Corinne N. Simonti et al., The phenotypic legacy of admixture between modern humans and Neandertals. science 351 (2016), 737–741.
Corinne N. Simonti, Benjamin Vernot, Lisa Bastarache, Erwin Bottinger, David S. Carrell, Rex L. Chisholm, David R. Crosslin, Scott J. Hebbring, Gail P. Jarvik, Iftikhar J. Kullo, Rongling Li, Jyotishman Pathak, Marylyn D. Ritchie, Dan M. Roden, Shefali S. Verma, Gerard Tromp, Jeffrey D. Prato, William S. Bush, Joshua M. Akey, Joshua C. Denny & John A. Capra
Many modern human genomes retain DNA inherited from interbreeding with archaic hominins, such as Neandertals, yet the influence of this admixture on human traits is largely unknown. We analyzed the contribution of common Neandertal variants to over 1000 electronic health record (EHR)–derived phenotypes in 28,000 adults of European ancestry. We discovered and replicated associations of Neandertal alleles with neurological, psychiatric, immunological, and dermatological phenotypes. Neandertal alleles together explained a significant fraction of the variation in risk for depression and skin lesions resulting from sun exposure (actinic keratosis), and individual Neandertal alleles were significantly associated with specific human phenotypes, including hypercoagulation and tobacco use. Our results establish that archaic admixture influences disease risk in modern humans, provide hypotheses about the effects of hundreds of Neandertal haplotypes, and demonstrate the utility of EHR data in evolutionary analyses.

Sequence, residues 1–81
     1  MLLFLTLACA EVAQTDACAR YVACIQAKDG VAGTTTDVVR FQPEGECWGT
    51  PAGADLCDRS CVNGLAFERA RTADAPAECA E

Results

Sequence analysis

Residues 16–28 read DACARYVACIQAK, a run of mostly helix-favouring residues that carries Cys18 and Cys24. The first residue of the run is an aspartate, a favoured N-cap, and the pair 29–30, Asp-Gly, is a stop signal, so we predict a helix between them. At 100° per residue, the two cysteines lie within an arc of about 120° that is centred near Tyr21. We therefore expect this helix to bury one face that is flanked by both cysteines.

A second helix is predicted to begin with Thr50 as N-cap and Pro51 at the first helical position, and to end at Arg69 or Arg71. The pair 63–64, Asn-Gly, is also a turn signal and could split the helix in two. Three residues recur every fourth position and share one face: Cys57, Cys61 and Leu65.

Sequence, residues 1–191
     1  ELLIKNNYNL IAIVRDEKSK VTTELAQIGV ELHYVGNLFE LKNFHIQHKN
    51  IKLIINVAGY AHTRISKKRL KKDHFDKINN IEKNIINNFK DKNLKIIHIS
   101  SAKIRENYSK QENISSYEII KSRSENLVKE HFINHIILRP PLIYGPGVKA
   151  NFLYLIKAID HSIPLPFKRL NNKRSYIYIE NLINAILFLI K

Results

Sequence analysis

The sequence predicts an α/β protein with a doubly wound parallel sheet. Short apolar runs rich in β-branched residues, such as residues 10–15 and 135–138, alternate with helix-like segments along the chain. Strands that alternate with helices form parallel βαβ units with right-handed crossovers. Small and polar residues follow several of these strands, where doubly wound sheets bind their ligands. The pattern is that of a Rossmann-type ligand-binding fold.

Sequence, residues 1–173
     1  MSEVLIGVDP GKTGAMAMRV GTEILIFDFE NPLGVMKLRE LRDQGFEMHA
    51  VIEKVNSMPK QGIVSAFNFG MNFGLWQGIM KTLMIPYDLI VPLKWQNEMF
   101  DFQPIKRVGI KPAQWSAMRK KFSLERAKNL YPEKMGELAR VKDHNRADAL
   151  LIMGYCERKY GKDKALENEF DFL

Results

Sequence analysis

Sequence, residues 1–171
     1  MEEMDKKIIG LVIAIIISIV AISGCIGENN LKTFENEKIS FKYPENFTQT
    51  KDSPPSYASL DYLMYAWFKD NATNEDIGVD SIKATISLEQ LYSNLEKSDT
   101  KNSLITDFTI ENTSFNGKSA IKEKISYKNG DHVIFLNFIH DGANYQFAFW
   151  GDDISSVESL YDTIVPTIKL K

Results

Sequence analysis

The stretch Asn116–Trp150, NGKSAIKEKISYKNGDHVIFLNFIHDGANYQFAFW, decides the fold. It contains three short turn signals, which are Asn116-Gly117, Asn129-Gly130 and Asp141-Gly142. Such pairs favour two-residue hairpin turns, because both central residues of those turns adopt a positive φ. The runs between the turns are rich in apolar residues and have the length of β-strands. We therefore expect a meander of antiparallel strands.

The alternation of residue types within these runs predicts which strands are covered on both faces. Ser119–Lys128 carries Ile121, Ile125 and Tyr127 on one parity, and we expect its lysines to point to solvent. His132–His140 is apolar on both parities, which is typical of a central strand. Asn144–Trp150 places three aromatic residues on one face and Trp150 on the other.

Lorenzo Nigro, Bethlehem in the Bronze and Iron Ages in the Light of Recent Discoveries by the Palestinian Mota-Dach. Vicino Oriente 19 (2015), 1–24.
The discovery of the necropolis of Khalet al-Jam’a, around 2.2 km south-east of Bethlehem (Nigro et al. in this volume), provides new data on the Bronze and Iron Age town which controlled the main route connecting Jerusalem to Hebron, and the access to the wadiat crossing the southern Judean desert and leading to the coastal plain. Intermediate Bronze Age/Early Bronze IV, Middle Bronze shaft tombs, and at least two major Iron II burial caves (Tomb A7 and the Barmil’s Tomb) excavated by the Palestinian MOTA-DACH in an Iron Age cemetery allow to draw up a renewed picture of Bethlehem and its environs and give the opportunity to re-appraise its long history.
Keywords: Bethlehem | Bronze Age | necropolis | Iron Age | David